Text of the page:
CURSE (NIGHT) OF THE DEMON (1957) (not to be confused with NIGHT OF THE DEMONS (1988) which does take place on Halloween) When will science ever learn to take its hat off when black magic is in the room? You'll find some kids cavorting in spooky masks in this non-Halloween tale and I swear the holiday itself makes a cameo in the form of a chillingly ominous windstorm. Non-believers beware!

THE EVIL (1978) What Halloween is complete without a visit to a haunted house and what better time period to dress the excursion in than the late seventies? Subtly is refreshingly kicked to the curb and any thoughts that you've seen all this before are swept away by a surreal eleventh hour house-call call by old scratch himself!

ONE DARK NIGHT (1982) Staying overnight in a haunted house is one thing but who would have the nerve to camp out in a psychically animated corpse occupied mausoleum? Possibly tame by today's standards, who can complain when the company you are keeping includes MEG TILLY (PSYCHO II) and more importantly the one and only E.G. DAILY? Keep an eye out for my favorite tunnel (Los Angeles'2nd Street), which has also appeared in BLADE RUNNER and THE TERMINATOR among others!

WITCHBOARD (1986) If you'd like to know what it's like to be the best Ouija board-centered horror move ever made, you'll have to ask this one! I don't know what's more awesome, the first glimpse of bearded, axe-wielding evil spirit Malfeitor or seeing music video vixen TAWNY KITAEN dressed in drag. Extra points for yanking a still feisty ROSE MARIE and quirky character actress KATHLEEN WILHOITE into the mix!!

GHOULIES (1985) Silly though it may be, there's something so weird going on in this movie that I have to give it a nod. I find the titular creatures more adorable than scary so I'm placing blame solely on "Greedigut," the lady little person with the ill-fitting demonic voice (the late great TAMARA DeTREAUX) for my inexplicable unease. Joining the kooky chaos is JENNIFER's LISA PELIKAN, KILLER PARTY's RALPH SEYMOUR, TWIN PEAKS' JACK NANCE and good lordy, MARISKA HARGITAY!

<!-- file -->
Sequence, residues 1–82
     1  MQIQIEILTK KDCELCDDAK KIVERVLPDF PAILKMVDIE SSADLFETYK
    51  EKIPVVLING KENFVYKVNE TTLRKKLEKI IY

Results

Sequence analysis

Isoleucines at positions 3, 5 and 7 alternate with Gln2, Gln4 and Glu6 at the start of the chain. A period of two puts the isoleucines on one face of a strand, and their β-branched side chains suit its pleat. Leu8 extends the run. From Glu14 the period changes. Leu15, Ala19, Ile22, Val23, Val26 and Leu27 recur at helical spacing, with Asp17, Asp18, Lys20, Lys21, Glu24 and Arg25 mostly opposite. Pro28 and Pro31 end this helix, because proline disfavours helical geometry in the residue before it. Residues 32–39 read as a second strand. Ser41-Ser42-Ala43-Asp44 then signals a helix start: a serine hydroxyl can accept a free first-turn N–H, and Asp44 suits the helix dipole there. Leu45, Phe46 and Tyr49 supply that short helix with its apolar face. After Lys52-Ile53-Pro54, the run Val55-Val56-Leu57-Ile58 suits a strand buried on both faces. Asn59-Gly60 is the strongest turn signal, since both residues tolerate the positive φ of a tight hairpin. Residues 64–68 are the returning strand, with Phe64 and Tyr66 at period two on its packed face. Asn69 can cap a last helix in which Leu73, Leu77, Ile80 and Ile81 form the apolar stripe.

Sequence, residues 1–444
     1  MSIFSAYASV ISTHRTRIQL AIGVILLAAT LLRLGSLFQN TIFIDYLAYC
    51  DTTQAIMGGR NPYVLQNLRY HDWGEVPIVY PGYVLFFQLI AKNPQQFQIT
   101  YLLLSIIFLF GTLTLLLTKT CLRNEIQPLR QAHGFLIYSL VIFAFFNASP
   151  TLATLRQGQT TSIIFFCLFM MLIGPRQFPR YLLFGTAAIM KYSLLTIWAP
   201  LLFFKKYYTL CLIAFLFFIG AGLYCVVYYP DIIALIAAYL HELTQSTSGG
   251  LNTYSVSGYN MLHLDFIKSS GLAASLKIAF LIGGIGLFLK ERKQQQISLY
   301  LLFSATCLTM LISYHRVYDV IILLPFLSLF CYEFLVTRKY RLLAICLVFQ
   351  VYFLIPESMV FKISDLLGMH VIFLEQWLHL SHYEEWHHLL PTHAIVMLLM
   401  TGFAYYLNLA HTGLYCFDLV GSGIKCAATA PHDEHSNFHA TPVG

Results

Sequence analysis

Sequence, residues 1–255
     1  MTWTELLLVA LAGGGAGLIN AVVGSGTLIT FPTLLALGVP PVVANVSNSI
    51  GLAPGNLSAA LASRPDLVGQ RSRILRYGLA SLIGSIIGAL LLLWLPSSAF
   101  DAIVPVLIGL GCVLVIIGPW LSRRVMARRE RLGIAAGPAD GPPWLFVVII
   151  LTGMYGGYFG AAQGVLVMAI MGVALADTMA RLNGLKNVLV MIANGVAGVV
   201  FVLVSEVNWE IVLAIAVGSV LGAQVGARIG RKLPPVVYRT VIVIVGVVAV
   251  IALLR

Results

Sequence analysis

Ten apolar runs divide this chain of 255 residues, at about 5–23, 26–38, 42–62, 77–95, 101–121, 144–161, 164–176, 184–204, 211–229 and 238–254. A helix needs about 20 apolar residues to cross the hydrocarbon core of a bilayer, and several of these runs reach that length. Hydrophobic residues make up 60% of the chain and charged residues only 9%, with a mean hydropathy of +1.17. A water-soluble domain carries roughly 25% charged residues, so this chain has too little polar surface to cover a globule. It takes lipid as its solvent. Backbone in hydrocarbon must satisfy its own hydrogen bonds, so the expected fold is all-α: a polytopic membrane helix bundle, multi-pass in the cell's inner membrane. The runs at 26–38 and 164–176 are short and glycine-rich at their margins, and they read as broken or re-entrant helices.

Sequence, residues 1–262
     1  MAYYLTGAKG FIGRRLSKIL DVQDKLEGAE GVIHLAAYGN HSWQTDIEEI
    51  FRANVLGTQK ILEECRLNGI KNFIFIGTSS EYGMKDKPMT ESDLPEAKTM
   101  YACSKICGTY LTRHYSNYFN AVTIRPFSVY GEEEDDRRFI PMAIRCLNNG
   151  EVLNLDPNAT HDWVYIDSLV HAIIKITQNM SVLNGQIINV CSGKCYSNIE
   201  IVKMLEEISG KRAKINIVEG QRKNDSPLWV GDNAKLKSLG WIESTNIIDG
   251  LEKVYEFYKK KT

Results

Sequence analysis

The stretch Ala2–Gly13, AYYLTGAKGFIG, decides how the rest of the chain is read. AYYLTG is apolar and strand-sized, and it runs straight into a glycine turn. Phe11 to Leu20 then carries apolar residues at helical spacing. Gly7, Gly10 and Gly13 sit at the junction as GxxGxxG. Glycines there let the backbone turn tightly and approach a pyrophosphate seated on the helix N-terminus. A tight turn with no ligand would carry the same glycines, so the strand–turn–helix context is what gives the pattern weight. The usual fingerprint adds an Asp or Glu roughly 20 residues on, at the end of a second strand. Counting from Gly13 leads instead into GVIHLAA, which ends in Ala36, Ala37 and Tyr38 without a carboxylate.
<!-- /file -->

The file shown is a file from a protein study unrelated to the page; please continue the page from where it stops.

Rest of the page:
STIR OF ECHOES (1999) You'll find a career high performance from KEVIN BACON here and even more impressively, a truly unique and refreshingly un-flashy presentation of the supernatural. What sets this flick apart is its sense of loss, after the scares have dissipated, there's a rank tragic vibe that's a little bit harder to shake. Extra points added for recruiting both ILLEANA DOUGLAS and the unnerving nightmare LIDSVILLE to take part in this spooky RICHARD MATHESON-penned mystery.

THE GATE (1987) Aw, remember the giddy fun it was when your parents would take off and leave you alone in the house all night as a kid? Makes me want to pop corn and watch QUINCY M.E. This movie is tons of fun and the stop motion monsters are super cool yet how flipping scary is it when the folks return home but are not acting quite themselves? SPEILBERG would be proud (if he was drunk). Extra points rewarded for upgrading the usual dusty book with a heavy metal record played backwards!

DOLLS (1987) Knowing that killer dolls inhabit this film should be enough for anybody. This creepy compact dark fantasy takes place on "The longest night ever" and when it's not fulfilling your requirements for biting bloodshed, it's making you chuckle like hell. The opening scene that involves a teddy bear's grizzly revenge is too good to be true and the moral warning that if you don't keep the kid inside you alive, you're likely to end up a puppeteer's plaything, is one we're always happy to back up here!

DEMONS (1985) O.K., now it's time to get a little rowdy. Who can say no to a free ticket to a horror movie? Not me. The premise, about a demon outbreak occurring during a movie show while the audience is trapped within the theater is wildly out there, so how come whenever I watch this flick I believe every thing it tells me as if it were the gospel? Ack! Maybe it's my claustrophobia and fear of crowds that takes over, but I can never help putting myself in the place of the characters and noting that I would be a shivering wreck hiding under a chair looking for a way to kill myself and praying for a helicopter to land on my head. DEMONS has no time to explain itself. You're already dead.

THE FOG (1980) While everybody and their brother was scrambling to duplicate HALLOWEEN's success by lifting the more obvious stalk and stab aspects of the film, its co-creators took the less crowded route and delved head first into the uncanny ambiguity that really made the flick tick. What they came up with is the ultimate ghost story that is THE FOG. It may take place in April, but this telling of a night when the supernatural world collides with ours is arguably just as appropriate for the holiday as its predecessor. Plus you get to see what really happened to Laurie Strode after the night he came home, she changed her name to Elizabeth and went hitchhiking!